ED : Exactly. The all-in-one is the know-how of different products that is brought together in the same product, and our strategy achieves its ultimate goal, which is to master everything in the design of a device.

Are you going to make all-in-one even more ambitious?
SD : For the moment, we already have an interesting proposal. The IN300 integrated is an all-in-one system without a network card. 
The connectivity/DAC part is very complete on this device. It can be connected to many digital sources with very high USB performance. But more generally, this approach is that of the market.

What is the sales ratio between CD and network digital sources?
ED : The distribution of Atoll’s sales is a big third on integrated amps, 30% on CD players and 10% on network players. We still sell many CD players. But network products are also more expensive. The range of CD players is globally between 500 and 1000 euros, while network products are between 1.000 and 2.000 €. But this is increasing significantly.
SD : We would have seen a much sharper decline in CD sales if we hadn’t done two things. The first is to equip them with a DAC card. In some export markets such as the USA, or Japan, we only sell players with this option. The second important point is that we have developed CD transport. And today we sell many CD transports associated with all-in-one or network drives. This is of interest to consumers who buy a product that is totally adapted to their needs and cheaper. In short, we still sell as many CD players, but in slightly different forms.

How many devices do you manufacture per year?
ED : About 4500. With a relatively high seasonality. In December and January, this can rise to 600 per month. And in July and August, it’s about 200 a month.

The manufacturing is still 100% French?
SD : Of course. This is an important aspect. Apart from what is done here, we have subcontractors for the chassis or front panels. We voluntarily adopt this approach because people are reactive. We understand each other perfectly. We do not worry about delivery times. Some of them have been following us for almost 15 years. And when we have a particular request, they help us. The only parts outside France are the CD mechanics that come from Japan, but that we buy in Germany. The main filter capacitors are from Nippon Chimical. We couldn’t find a better way ! And the same goes for the motorized volume knobs from ALPS. Finally, for power transistors, we use American IRs. Finally, the streaming modules and remote controls come from Austria.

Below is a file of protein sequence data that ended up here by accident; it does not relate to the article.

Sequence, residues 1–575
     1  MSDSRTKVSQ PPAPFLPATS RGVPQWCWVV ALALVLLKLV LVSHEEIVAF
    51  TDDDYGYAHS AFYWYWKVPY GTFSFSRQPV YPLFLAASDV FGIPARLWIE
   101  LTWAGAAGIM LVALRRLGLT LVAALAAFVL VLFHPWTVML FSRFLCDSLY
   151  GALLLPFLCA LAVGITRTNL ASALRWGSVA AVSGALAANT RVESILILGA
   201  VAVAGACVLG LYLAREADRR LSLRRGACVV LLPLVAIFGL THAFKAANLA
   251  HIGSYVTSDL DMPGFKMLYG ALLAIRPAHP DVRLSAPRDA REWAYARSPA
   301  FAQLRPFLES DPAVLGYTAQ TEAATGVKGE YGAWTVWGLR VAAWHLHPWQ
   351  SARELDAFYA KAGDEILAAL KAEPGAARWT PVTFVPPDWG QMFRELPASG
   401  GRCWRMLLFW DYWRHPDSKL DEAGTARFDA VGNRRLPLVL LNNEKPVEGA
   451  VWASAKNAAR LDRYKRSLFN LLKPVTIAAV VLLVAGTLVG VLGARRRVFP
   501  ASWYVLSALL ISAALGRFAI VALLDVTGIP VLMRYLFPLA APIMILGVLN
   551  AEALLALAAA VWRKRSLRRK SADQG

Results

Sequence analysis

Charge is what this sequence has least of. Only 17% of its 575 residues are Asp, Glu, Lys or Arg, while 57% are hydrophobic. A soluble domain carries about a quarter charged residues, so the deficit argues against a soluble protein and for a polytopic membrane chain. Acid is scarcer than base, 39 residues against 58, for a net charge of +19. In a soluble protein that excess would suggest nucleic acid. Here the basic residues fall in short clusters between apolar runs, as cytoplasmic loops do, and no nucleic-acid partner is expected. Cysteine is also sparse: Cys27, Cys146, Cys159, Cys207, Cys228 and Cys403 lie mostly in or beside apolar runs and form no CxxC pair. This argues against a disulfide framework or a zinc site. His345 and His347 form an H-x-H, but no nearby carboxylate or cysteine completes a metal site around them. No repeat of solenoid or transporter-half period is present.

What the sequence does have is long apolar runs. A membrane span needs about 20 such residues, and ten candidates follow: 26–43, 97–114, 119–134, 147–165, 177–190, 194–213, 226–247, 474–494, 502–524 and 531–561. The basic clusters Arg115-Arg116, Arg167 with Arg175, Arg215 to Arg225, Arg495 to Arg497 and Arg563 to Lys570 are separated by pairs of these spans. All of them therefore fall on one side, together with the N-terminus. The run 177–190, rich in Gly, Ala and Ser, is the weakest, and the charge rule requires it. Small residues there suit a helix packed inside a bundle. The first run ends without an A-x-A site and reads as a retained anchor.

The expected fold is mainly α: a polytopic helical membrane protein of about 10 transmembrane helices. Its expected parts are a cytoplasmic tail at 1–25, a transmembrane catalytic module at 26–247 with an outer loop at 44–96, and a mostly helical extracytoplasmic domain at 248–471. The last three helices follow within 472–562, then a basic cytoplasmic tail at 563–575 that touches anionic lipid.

You maintain close relationships with cable and speaker manufacturers. How does this materialize in practice?
SD : First of all we use cables for our tests. We have had the opportunity to make comparisons at trade fairs, and it is obvious that good cables make it easier to listen by removing a veil, which is very useful during development. Hence 
the interest in forging links with manufac-turers, also loudspeakers, because when you do development, you need to have a reference to know how far you can go. And if the elements we use for links remove information, we lose an opportunity to improve our electronics. Inside the devices, the cable is also treated like any other component, such as a capacitor or transistor. It is an element that sees the audio signal, so you have to judge it for what it is worth. The only way to know if better internal wiring is useful or not is to compare. For an equivalent function, with equivalent characteristics, which component works best ? This is how we proceed for transistors, capacitors, and internal wiring. Sometimes, we are very surprised, because the differences between a standard cable and a cable developed by a specialist with real know-how, even on 10 cm, are amazing. It’s quite confusing when you’re an electronics manufacturer to do that, but it’s becoming obvious that you have to take care of that aspect ! The little extra soul of a device comes from there. What makes the difference between a good product and an excellent product will depend on these details. Where the result is really most important is when the cable manufacturer’s requirements are scrupulously respected. For example, earthing, cable connection, the direction of current flow through the cable, the fact that it is not soldered but crimped… All this is important and contributes to the final result.